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    Q1 2021 News: Most Malware Occurred Through HTTPS Connections

    Malware Occurred Through HTTPS Connections

    According to WatchGuard, almost 67% of all malware attacks recorded during the first quarter of 2021 were delivered via encrypted HTTPS connections. Out of these attacks, 72% were categorized as zero-day attacks, which translates to malware that simply evaded signature-based protection. 

    These findings indicate that up to two-thirds of the incoming threats are missed by companies that are reluctant to implement an HTTPS encrypted traffic inspection and advanced behavior-based threat detection techniques. The study also points out that the UK was the top target for cyber criminals during the quarter, reaching the foremost spot of the countries with the five most widespread network attacks.

    Based on this report, it is quite evident that not monitoring incoming and outgoing website traffic is no longer an option. As malware continues to grow more advanced and evasive, the only reliable defensive approach is the implementation of HTTPS inspection methods, layered security services, and advanced threat detection. 

    Other major findings for the first quarter include the following:

    • Controlled and hosted Monero cryptominer malware has increased substantially and is now among the five top malware distributing domains
    • Cryxos Trojan rose to third position on the encrypted and widespread malware detection list for Q1
    • Flawed Ammyy attacks, a type of scam where hackers gain remote access to the system, have also increased
    • A three-year old Adobe vulnerability has resurfaced and is now listed among the top 10 attacks that transpired during the first quarter of 2021
    • Spear phishing campaigns have surged and are currently a part of the top-ten attacks of the quarter measured
    • COVID-19 themed scams and attacks have also grown within the first three months of 2021

    The Problem With Zero-Day Threats And Signature-Based Antivirus Protection

    Malicious actors are increasingly relying on zero-day attacks to prey upon individuals and organizations. Since this type of attack targets new and unknown weaknesses in a software or application, traditional signature-based antivirus solutions aren’t capable of stopping the intruders from infiltrating your device, data, and network.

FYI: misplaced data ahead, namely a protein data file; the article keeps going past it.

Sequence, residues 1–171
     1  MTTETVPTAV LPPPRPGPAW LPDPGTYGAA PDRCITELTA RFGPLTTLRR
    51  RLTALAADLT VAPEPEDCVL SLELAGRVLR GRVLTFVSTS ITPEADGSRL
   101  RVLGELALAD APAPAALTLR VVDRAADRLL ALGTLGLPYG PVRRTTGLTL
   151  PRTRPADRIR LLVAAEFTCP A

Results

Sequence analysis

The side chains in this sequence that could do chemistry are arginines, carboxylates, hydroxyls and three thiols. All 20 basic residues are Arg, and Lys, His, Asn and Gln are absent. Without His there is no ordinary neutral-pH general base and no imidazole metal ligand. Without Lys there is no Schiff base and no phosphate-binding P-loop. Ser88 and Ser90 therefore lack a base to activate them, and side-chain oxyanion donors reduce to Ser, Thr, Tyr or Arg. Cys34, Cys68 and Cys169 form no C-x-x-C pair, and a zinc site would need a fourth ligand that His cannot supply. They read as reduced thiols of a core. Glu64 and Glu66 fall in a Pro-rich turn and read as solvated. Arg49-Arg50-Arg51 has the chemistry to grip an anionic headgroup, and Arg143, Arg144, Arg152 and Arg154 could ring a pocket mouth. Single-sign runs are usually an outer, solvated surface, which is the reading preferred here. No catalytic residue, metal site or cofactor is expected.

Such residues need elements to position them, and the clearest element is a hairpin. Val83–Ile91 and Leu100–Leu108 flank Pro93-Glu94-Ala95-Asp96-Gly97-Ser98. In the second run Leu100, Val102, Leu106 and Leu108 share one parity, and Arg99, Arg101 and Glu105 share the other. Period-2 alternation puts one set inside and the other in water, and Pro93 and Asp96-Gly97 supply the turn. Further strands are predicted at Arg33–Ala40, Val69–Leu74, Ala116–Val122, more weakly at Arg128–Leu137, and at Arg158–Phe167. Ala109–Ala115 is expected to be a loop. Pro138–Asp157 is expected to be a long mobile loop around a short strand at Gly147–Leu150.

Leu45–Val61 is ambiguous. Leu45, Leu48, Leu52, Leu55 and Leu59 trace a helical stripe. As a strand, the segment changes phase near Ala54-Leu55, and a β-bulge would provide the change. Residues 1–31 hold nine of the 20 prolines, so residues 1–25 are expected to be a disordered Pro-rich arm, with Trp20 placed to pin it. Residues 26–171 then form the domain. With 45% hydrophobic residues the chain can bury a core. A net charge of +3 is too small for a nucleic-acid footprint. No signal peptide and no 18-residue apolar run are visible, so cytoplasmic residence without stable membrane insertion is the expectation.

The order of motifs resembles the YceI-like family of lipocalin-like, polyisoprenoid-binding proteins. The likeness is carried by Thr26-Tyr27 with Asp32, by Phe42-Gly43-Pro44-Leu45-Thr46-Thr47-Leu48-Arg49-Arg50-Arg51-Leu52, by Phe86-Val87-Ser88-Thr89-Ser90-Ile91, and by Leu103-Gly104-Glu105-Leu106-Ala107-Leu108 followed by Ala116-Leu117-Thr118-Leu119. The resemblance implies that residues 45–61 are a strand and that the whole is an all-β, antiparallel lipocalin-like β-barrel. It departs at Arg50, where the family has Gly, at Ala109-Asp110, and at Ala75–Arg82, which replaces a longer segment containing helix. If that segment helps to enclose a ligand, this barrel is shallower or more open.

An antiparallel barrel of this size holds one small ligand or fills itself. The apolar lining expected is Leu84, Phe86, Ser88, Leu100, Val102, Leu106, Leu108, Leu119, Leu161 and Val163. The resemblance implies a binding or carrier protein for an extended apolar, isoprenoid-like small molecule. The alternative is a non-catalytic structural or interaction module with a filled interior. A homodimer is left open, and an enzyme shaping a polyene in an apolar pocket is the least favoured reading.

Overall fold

When new viruses are discovered, your antivirus vendor has a signature to protect against them. When the signature is checked later, the virus will be blocked from accessing your network and devices. 

    Zero-day vulnerabilities are dangerous given the antivirus solution likely doesn’t have the necessary signatures in place to recognize them. Until the vulnerability is identified and patched by the developers, zero-day exploits can go undetected by traditional antivirus programs.

    These days, malicious attackers have started to mutate the malware by implementing slight code adjustments in a manner that helps the malware keep generating new signatures while maintaining its overall functionality. This is mostly accomplished by inserting junk code, shrinking or expanding the code, adding permutations to the code, and more. 

    By using this technique, hackers can attack in frequent succession while inflicting maximum damage. These codes go unnoticed when you run a scan using an antivirus that relies exclusively on signature-based detection.

    The Impact Of Covid-19

    There has been a huge surge in COVID-19 themed cyberattacks over the last few months. Hackers are sending out themed emails and messages to bulk users in an attempt to convince them to click a link. Once clicked, the device becomes infected with keyloggers, trickbots, and more.

    Recently, DocuSign users received an impersonating email about COVID-19. When the user clicks on the email, the user is redirected to a fake login page designed to steal credentials. Hackers are also impersonating organizations like WHO, IRS, and others to send out mass-mailers related to COVID surveys, notices, health information, and more.

    Bottom Line

    With each passing day, malware continues to become more evasive and advanced. Since signature-based detection engines can’t help, the only reliable approach to protecting yourself is by implementing a layered security system including an advanced threat detection engine, behavioral analysis, and other real-time security features.